It's her garden that gives a real idea of this woman for whom backward glances aren't her favourite thing

When it was announced that Hanly, by Gregory O'Brien and the photographer Gil Hanly (and others), had won the Illustrative Non-Fiction Award at the NZ Post Book Awards last week, I thought: Hooray!

It is an appropriately extravagant and exuberant review of the life and work of the artist Pat Hanly. But that was not the reason for the hooray.

That was an entirely selfish response and scarcely a journalistic one, because I also thought: "Now I have an excuse to go and see Gil Hanly's garden." So I phoned her and she made a strangled sort of sound which was not of delight and was not entirely unexpected. She said: "I can't talk, but I can answer questions."

That was not unexpected either. I've met Gil Hanly (and Pat, when he was alive; he died in 2004) a fair few times over the years, in passing. You could meet Pat for the first time and he'd make you feel as though you'd known him for years. He was outgoing and funny, a great entertainer. You never got a word in edgeways, but who could mind? He had the funniest stories anyway. You could say of him that he couldn't answer questions, but he could talk all right.


There was a journalistic inclination to go and see Gil Hanly. I've never been able to figure her out. She can seem remote, if not cool. She seems an entirely serious person. And she is usually behind her camera, which is the way she prefers it - but it is hard to see her clearly, obscured as she is by her lens.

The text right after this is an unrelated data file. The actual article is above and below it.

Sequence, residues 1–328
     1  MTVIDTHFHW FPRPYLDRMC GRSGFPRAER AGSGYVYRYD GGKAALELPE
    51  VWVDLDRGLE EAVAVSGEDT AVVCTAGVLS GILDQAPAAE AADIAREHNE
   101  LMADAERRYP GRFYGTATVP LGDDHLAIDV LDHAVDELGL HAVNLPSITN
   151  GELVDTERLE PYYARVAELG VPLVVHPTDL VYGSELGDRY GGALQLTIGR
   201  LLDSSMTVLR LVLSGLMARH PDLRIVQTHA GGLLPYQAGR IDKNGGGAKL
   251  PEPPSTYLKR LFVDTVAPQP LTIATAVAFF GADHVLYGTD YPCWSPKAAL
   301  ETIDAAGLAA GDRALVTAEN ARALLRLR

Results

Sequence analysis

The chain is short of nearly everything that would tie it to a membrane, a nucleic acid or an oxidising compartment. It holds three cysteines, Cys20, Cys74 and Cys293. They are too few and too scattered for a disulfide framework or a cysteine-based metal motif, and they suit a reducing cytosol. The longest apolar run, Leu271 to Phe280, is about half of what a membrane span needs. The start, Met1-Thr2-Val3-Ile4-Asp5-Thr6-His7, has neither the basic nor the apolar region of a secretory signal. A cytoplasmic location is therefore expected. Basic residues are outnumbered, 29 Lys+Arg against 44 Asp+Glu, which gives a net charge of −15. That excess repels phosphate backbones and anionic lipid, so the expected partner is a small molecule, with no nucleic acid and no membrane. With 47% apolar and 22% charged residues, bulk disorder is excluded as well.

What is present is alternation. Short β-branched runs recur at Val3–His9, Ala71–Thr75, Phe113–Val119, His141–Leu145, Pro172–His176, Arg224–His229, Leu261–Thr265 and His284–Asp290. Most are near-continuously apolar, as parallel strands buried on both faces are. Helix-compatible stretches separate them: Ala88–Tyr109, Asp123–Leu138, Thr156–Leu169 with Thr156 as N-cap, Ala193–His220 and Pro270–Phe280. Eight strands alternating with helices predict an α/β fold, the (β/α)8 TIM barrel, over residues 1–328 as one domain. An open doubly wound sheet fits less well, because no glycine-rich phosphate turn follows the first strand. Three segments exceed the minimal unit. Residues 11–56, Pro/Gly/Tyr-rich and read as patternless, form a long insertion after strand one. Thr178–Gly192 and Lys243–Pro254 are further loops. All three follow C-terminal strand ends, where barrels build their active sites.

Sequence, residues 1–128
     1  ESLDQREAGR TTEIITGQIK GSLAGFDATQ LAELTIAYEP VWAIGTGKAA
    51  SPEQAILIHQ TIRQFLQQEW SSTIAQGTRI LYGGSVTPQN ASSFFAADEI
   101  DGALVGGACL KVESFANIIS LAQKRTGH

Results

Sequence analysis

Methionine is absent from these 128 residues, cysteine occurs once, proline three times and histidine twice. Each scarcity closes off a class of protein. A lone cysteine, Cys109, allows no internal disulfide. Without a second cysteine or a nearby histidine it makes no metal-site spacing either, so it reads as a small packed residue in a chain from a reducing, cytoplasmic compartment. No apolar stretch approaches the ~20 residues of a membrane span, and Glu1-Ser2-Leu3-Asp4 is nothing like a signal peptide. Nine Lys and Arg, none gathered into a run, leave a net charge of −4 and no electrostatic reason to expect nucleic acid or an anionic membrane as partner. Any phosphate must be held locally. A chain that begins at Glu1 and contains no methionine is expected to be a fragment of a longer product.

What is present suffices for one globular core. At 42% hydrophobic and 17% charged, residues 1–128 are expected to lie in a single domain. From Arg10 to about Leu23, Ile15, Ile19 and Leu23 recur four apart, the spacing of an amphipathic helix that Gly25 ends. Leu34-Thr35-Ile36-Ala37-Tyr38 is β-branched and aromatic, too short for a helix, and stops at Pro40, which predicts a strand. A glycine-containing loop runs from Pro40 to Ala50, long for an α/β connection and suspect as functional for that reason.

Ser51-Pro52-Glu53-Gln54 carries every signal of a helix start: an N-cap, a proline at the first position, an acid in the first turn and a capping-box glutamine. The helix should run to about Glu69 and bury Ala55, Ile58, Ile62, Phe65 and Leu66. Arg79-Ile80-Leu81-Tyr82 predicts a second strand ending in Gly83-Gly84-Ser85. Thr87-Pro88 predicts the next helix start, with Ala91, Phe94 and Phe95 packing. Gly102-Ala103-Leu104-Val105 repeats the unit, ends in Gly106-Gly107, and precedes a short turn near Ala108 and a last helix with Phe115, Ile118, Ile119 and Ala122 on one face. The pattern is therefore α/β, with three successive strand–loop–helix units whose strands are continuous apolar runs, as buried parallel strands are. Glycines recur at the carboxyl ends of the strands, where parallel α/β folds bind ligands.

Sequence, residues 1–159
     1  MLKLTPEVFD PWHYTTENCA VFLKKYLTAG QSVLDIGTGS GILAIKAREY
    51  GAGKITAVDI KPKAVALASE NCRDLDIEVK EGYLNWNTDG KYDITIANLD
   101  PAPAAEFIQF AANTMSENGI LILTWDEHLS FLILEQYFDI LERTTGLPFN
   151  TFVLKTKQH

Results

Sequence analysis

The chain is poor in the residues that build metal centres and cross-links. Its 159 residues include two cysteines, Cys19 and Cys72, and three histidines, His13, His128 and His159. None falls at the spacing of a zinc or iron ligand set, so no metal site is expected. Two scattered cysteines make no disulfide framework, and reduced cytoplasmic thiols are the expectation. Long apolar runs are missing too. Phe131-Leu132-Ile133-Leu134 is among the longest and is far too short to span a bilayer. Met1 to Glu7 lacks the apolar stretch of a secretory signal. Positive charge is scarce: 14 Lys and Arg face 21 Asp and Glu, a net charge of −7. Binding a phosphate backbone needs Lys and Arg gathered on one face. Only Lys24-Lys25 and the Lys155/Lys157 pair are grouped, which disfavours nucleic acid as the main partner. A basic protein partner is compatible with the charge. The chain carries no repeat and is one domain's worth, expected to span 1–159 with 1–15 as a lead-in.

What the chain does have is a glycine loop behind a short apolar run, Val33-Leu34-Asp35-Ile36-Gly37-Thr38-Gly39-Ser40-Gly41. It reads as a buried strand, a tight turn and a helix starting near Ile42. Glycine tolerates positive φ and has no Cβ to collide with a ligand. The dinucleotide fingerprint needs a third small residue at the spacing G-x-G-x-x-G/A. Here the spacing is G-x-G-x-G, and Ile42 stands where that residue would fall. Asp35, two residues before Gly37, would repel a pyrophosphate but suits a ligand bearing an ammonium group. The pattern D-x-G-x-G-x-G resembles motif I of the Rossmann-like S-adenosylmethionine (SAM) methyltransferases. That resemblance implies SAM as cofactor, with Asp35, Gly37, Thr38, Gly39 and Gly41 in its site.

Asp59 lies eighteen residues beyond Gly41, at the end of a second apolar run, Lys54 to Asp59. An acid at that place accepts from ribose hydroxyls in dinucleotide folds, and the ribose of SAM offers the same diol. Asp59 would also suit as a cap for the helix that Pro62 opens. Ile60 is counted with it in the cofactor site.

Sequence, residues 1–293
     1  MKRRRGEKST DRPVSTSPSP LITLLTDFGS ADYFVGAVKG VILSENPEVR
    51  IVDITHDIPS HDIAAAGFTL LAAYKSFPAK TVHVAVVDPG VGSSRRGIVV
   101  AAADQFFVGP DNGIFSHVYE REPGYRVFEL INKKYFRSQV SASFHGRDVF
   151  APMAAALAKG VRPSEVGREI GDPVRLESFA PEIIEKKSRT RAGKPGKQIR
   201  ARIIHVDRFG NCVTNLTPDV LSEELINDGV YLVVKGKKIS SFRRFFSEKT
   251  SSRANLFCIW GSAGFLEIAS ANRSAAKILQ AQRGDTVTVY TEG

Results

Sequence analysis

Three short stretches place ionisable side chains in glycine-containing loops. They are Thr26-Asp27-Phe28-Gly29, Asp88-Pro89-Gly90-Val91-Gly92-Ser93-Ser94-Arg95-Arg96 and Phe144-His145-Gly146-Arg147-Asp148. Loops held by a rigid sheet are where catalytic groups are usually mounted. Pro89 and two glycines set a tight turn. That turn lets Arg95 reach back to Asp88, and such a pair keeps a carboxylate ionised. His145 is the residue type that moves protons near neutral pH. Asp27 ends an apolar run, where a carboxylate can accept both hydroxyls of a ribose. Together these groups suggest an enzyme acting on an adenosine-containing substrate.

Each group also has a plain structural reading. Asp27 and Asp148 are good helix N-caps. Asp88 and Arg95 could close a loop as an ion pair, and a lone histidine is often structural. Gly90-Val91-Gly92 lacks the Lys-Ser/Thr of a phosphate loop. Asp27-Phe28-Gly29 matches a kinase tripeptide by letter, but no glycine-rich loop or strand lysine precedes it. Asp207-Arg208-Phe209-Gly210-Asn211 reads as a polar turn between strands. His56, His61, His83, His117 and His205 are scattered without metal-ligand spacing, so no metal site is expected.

I've long thought that she might, actually, be the most interesting of the Hanlys. She is a very good photographer (she is the picture editor of Hanly, Ron Sang Publishing, $135 plus p&p) and a wonderful gardener and photographer of gardens. She is a life-long leftie and a greenie. She said: "I grow oxygen!"

She has bugger all money and she still pays her Labour Party "bob", and gives money to the Greens and to Mana - "to help Hone".

She is probably best known for her raw and tough photographs of protests, but also for her garden photographs, which I'd say were art, but she, very firmly, would not.

She was very beautiful as a young woman (she would and does, even more firmly, say not) and at 79, still is, I think. On the facing page of Hanly is a picture of her and Pat taken by Marti Friedlander in 1969. It is a lovely picture of her. "I don't mind it. It's all right. Why do you think I'm always behind the camera? I don't like being photographed." She has a smile which just happens to be her smile but which could be seen as enigmatic.

A documentary maker once called it her "Mona Lisa smile", which she thought too silly for words. Other than that, I don't know a thing about her except that everyone I know who knows her loves her. I've never heard anyone say a bad word about her. I was a bit shocked when I had another look this week at the Pacific Ikon documentary which screened in 1998. She is, and I'd forgotten this, really rather fed-up and obviously grumpy, at times, with Pat - or more precisely, his public persona.

I felt quite grumpy with him too, after that repeat screening (and not about the flings which are probably pretty much to be expected; all that free love was there for the taking - mostly for married men).